Bahay Nakpil

Attraction 432 Ariston Bautista St, Manila, Luzon, Philippines Published on: 13-11-2015

2 hours
09:00 AM - 05:00 PM
04:00 PM
06:00 PM
Second-time visit
Attraction
Family
Historic
Museum
Must see
Kids
Architecture
0.04 USD

Bahay Nakpil is good for

Good for family with kids Family with kids Good
Good for senior Senior Good
Good for couple Couple Good
Good for solo Solo Good
Good for group Group Good
The Nakpil-Bautista House (Tagalog, Bahay Nakpil-Bautista) is one of the old houses found in the area of Quiapo, Manila. It was built in 1914 by Arcadio Arellano.

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Why Bahay Nakpil is special ?

The Nakpil-Bautista House (Tagalog, Bahay Nakpil-Bautista) is one of the old houses found in the area of Quiapo, Manila. It was built in 1914 by Arcadio Arellano. Arcadio Arellano built the house for Dr. Ariston Bautista and his wife, Perona Nakpil, which survives on 432 Barbosa Street (now A. Bautista Street), Quiapo, two blocks away from the Enriquez house. Built in 1914, the house is typical of its period: in the lower storey, thin, narrow, brick walls pressed together by wooden studs; upstairs, rooms aired by large calados and shaded by sufficient media aguas. Today, the house is a museum showcasing items of the Katipunan, paintings, among others.


Source: https://en.wikipedia.org/

What to explore at Bahay Nakpil?

As well as an insight into the grandeur of pre-war Manila, the museum provides history of the Ilustrados and Katipunan – the anti-Spanish revolutionist movement.

The architecture of the house itself is unique. It was designed by architect Arcadio Arellano in the classic bahay na bato style with detailing in turn-of-the-century Viennese Secession style done to complement the Viennese Secession furniture given to Dr. Bautista. The carvings, woodwork and grillwork are executed in the same abstracted, geometric lines that depict floral patterns.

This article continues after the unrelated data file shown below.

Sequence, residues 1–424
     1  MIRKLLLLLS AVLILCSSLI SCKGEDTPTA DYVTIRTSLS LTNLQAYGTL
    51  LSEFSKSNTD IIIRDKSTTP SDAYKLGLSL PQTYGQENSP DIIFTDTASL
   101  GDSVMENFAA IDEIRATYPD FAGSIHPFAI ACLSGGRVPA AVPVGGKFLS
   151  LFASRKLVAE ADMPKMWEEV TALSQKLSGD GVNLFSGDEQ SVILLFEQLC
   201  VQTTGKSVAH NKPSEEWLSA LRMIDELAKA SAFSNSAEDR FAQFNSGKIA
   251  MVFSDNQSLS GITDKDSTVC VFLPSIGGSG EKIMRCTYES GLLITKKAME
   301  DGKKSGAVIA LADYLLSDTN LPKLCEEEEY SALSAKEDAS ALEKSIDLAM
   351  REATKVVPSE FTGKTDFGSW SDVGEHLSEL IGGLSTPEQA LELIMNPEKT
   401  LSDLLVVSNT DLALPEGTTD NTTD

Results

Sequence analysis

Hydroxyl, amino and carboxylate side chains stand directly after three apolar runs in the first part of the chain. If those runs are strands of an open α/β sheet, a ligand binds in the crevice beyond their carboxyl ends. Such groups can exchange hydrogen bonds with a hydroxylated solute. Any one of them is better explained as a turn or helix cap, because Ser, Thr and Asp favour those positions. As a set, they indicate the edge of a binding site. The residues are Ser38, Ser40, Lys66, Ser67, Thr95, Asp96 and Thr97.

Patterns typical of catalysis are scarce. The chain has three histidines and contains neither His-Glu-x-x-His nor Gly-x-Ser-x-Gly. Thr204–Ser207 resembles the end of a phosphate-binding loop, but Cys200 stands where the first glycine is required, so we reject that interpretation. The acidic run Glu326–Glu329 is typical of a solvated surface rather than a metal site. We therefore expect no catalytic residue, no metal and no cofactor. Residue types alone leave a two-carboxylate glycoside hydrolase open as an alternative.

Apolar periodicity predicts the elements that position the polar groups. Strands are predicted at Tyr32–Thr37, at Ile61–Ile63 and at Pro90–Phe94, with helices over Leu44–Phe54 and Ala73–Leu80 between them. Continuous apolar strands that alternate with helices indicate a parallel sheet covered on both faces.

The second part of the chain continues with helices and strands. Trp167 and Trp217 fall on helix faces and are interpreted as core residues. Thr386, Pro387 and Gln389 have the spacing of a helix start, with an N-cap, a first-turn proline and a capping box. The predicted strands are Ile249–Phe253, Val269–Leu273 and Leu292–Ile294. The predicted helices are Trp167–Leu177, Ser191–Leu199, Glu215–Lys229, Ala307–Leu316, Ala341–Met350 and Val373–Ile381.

The Bahay is a masterpiece of traditional Filipino architecture: a wood and stone style house (bahay na bato at kahoy). To resist earthquakes, the upper storey is made of wood, its foundation is made of stone. It has large windows, high ceilings, sliding window panels. Its geometric grill work and cut-outs were inspired by the Viennese art movement in the 1900’s, the Secession.

Source: http://en.wikipilipinas.org/

How to get to Bahay Nakpil?

Bahay Nakpil-Bautista is located on A. Bautista (formerly Barbosa) Street, perpendicular to Hidalgo Street opposite Quiapo Church. The easiest and most comfortable way to commute going to Quiapo is through the Light Rail Transit (LRT) and Metro Rail Transit (MRT) lines.

If you are commuting using the Light Rail Transit (LRT) line 1, and you are coming from the south of Metro Manila e.g. Paranaque, Sucat, Alabang, Muntinlupa, etc., you should get to any station of LRT1 and ride a Monumento or Roosevelt bound train. Get off the train as soon as you get to the Carriedo station. From Carriedo station, you will get to Quiapo Church by walking eastward.

If you are commuting using the Light Rail Transit (LRT) line 2 and you are coming from any station, anywhere from Santolan station, you just need to get off at Recto station that is the last station of LRT-2. From there you just need to walk toward the corner of C.M. Recto and Quezon Boulevard where you will see the Isetann Mall. From the Isetann Mall you walk southward to get to the Quiapo Church.

If you are commuting using the Metro Rail Transit (MRT) line 3, you should get off at the last station that is Taft station. Walk towards the connecting crossway that links MRT-3 to LRT-1 and go to EDSA station. Then in EDSA station, ride a train north bound or Monumento/ Roosevelt bound and get off at Carriedo station. Walk yourself for a few meters eastward to get to Quiapo Church.

Source: https://quiapotoday.wordpress.com/

Selling points

  • Interesting Secrets of Philippine History Told Here
  • Great start off point for an excursion around Quiapo
  • Bahay Nakpil ---Not just an old house, but a house full of rich history